Neuromodulatory input can regulate ion channel conductances, and when it was abolished in the STG, rhythmic activity was lost but then homeostatically recovered in the following days (Thoby-Brisson & Simmers, 1998). This neuromodulatory input was important in maintaining certain ion channel correlations and both the recovery of activity and the maintenance of these correlations appeared to be under the control of both activity-dependent and activity-independent mechanisms (Golowasch, 2014; Khorkova & Golowasch, 2007; Schulz & Lane, 2017; Temporal et al., 2014; Thoby-Brisson & Simmers, 1998; Zhang, Khorkova, Rodriguez, & Golowasch, 2008). These findings have significant functional implications as the loss of neuromodulatory input rendered the network less capable of sustaining appropriate activity patterns when faced with further perturbations such as changes in temperature (Haddad & Marder, 2018). It is clear that several activity-dependent and activity-independent processes shape and constrain the expression profile of ion channels.

Synaptic Scaling

There had been a concern for many years that Hebbian types of synaptic plasticity should lead to a runaway strengthening of synapses: inputs that drive a cell to fire would get stronger (fire together wire together), and with no further brake on this plasticity these inputs would simply continue to grow in strength, driving cells to fire excessively. It was therefore proposed that there must be some mechanism that limited the spike rate of these cells by preventing synapses from becoming too strong. These concerns predicted the existence of a form of synaptic plasticity that was distinct from Hebbian forms (Turrigiano, 2017). Homeostatic synaptic scaling fulfilled such a prediction; it was first defined and reported by Turrigiano, Leslie, Desai, Rutherford, and Nelson in a 1998 Nature paper. In it they demonstrated that one- to two-day spike blockade in visual cortical cultures caused an increase in AMPAergic miniature excitatory postsynaptic current (mEPSC) amplitudes (quantal amplitudes) in excitatory pyramidal-like cells. In this initial study the authors showed that mEPSC amplitudes from cultured cortical neurons treated with a Na+ channel blocker (TTX) or AMPA receptor blocker cyanquixaline (6-cyano-7 nitroquinoxaline-2,3-dione) (CNQX) became twice as strong as those under control conditions. One of the ways the multiplicative nature of the “scaling” effect was demonstrated was through comparisons of the distribution of mEPSC amplitudes. When the distribution of control amplitudes was multiplied by a scaling factor (plus an additive value) one could transform the control cumulative distribution of amplitudes into the TTX-treated cumulative distribution and this led to the term synaptic scaling (Figure 2).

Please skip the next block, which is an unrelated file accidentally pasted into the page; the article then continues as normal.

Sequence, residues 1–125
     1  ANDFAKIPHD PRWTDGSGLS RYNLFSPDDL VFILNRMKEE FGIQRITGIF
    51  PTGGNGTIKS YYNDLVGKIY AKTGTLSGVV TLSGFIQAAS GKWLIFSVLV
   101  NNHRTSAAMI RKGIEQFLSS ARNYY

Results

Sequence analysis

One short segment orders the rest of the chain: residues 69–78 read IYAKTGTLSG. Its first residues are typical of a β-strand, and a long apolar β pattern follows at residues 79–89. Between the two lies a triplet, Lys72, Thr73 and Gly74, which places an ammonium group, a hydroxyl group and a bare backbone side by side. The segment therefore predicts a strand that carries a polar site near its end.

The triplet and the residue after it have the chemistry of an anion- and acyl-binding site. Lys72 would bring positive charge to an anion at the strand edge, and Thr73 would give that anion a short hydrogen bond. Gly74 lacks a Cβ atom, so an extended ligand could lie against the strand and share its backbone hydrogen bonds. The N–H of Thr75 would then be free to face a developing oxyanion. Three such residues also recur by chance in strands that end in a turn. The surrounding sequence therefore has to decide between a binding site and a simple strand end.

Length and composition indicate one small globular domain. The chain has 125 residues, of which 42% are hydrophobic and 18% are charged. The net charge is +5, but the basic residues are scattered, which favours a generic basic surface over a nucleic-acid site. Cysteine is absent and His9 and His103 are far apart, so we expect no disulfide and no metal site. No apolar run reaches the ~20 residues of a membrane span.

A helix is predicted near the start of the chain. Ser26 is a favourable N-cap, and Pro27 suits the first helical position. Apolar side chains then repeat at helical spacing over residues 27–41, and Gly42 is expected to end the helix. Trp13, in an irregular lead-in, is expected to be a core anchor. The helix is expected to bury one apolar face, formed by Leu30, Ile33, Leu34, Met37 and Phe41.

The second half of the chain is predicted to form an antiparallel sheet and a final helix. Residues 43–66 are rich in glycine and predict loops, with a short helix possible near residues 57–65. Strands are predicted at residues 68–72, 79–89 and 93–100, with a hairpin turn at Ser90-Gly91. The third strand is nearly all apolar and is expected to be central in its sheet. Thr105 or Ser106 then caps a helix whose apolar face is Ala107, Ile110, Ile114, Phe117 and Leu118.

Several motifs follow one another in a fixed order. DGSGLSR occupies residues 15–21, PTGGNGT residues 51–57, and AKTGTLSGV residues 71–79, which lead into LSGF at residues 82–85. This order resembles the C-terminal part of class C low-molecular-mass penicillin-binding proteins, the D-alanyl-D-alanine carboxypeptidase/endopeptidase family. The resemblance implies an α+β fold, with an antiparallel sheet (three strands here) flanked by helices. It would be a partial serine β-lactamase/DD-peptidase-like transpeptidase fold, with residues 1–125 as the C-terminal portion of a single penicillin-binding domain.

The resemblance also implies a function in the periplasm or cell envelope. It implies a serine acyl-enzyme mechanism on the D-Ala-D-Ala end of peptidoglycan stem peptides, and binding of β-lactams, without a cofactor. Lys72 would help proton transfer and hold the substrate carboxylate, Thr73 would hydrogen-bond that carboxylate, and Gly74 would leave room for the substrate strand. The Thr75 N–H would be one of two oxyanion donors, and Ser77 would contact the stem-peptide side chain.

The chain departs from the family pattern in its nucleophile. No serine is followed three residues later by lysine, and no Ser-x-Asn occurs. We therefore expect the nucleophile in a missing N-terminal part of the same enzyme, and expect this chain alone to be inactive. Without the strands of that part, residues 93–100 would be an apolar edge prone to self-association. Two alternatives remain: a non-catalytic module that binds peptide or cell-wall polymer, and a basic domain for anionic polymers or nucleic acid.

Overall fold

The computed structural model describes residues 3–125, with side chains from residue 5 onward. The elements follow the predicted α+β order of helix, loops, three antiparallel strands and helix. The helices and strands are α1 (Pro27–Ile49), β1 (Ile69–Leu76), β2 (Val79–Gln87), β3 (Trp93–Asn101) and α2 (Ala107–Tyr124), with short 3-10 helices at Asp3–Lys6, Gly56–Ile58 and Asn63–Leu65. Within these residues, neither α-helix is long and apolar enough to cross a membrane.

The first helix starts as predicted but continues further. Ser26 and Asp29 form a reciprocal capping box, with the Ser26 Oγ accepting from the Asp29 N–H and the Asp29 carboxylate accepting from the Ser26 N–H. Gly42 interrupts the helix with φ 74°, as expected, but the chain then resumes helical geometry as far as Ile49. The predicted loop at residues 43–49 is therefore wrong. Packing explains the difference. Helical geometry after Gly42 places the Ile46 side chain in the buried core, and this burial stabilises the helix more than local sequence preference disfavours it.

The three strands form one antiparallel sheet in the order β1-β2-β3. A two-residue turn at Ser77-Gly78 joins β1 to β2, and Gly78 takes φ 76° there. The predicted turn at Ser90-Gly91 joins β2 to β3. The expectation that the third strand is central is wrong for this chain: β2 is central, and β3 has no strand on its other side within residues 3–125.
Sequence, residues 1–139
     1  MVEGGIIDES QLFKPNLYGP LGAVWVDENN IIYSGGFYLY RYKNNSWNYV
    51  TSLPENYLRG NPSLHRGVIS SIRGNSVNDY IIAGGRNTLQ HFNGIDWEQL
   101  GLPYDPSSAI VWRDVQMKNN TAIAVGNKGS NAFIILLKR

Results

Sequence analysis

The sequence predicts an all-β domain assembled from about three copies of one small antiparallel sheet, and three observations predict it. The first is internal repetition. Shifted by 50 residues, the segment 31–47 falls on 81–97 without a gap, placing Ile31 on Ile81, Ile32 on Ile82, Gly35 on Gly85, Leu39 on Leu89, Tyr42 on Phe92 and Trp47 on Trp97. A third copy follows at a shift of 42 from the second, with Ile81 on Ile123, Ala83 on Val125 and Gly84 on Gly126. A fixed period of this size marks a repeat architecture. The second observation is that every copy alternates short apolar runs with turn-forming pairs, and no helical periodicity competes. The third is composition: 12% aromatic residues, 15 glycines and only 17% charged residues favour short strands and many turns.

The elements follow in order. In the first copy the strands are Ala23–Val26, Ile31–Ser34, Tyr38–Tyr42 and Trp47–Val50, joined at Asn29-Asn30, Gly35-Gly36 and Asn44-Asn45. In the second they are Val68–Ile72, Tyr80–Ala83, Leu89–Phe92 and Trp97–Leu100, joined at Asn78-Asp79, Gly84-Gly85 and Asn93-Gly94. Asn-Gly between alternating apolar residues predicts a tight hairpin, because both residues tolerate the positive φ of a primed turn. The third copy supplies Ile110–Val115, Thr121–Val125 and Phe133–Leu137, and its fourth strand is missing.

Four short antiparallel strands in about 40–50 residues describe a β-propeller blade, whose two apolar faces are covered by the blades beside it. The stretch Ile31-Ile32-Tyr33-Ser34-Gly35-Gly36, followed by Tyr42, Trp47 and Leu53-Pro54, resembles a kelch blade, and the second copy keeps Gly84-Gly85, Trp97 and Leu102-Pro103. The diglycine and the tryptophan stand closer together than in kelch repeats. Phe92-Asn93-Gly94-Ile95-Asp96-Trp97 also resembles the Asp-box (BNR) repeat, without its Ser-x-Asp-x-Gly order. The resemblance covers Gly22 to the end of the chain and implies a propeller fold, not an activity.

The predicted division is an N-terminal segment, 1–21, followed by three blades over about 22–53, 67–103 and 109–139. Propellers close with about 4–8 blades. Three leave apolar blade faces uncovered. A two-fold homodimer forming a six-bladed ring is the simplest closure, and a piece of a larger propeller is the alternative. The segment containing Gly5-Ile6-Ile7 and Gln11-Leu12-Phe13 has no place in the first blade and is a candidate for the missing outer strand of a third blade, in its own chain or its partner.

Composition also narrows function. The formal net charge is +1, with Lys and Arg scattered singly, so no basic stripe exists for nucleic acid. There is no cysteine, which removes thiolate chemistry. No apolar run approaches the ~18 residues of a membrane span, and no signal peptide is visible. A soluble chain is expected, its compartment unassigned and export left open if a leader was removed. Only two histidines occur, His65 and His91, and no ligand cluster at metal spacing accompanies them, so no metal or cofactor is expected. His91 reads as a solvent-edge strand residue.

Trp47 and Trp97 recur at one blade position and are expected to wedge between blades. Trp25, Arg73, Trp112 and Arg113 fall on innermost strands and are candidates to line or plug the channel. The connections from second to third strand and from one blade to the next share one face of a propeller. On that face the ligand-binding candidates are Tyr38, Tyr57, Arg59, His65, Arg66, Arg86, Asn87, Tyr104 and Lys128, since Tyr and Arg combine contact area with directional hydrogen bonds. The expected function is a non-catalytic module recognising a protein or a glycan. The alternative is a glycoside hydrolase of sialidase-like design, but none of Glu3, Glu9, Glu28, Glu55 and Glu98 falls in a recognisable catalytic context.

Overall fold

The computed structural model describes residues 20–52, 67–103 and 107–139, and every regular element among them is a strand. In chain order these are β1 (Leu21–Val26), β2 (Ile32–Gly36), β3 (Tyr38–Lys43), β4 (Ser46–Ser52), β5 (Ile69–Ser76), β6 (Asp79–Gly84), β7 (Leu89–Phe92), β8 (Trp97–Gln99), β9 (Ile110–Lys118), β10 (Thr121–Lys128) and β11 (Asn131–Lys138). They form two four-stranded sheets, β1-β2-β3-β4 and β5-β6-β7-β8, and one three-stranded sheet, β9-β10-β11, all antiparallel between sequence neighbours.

Homeostatic Plasticity in the CNSClick to view larger

Figure 2. Synaptic scaling.

Note. A schematic representation (top) of synaptic scaling where all inputs are scaled by some multiplicative factor. The cumulative histogram shows how mPSC amplitudes are increased across their entire distribution.

In addition, the study demonstrated that the opposite scaling relationship (downscaling) of mEPSCs occurred when activity was increased in cultured neurons by blocking inhibition. Unlike TTX treatment where activity cannot recover because action potentials are blocked, spiking activity was able to homeostatically return to original levels following the blockade of GABA receptors (GABARs), demonstrating a truly homeostatic response. The idea was then established that all of the synaptic inputs were adjusted by a multiplicative factor following an alteration in spike rate and that this synaptic compensation was engaged in order to compensate for the pharmacological activity perturbation. Because scaling was multiplicative, the idea was that it acted to maintain the relative strengths of different inputs by adjusting synaptic gain to ensure that the runaway strengthening did not happen. In the same year, two other studies reported similar findings in two different culture systems. One study showed that upward or downward scaling occurred in spinal cultures in response to chronic activity blockade (glutamate antagonists) or enhancement (inhibitory antagonists), respectively (O’Brien et al., 1998). The other study demonstrated that following days of treating cultures with an inhibitory receptor antagonist, hippocampal neurons displayed reduced mEPSC amplitudes (Lissin et al., 1998). These other studies suggested there were changes in postsynaptic AMPA receptors that mediated the altered synaptic strength observed. In addition to AMPAergic scaling, it was shown that NMDA mEPSCs undergo strengthening following activity block (TTX, CNQX, APV/CNQX) and a weakening following chronic increases in activity through GABAR block in cortical, hippocampal, or spinal cultures (Ehlers, 2003; Rosen, Moghekar, & O’Brien, 2007; Watt, van Rossum, MacLeod, Nelson, & Turrigiano, 2000); however, see (Lissin et al., 1998).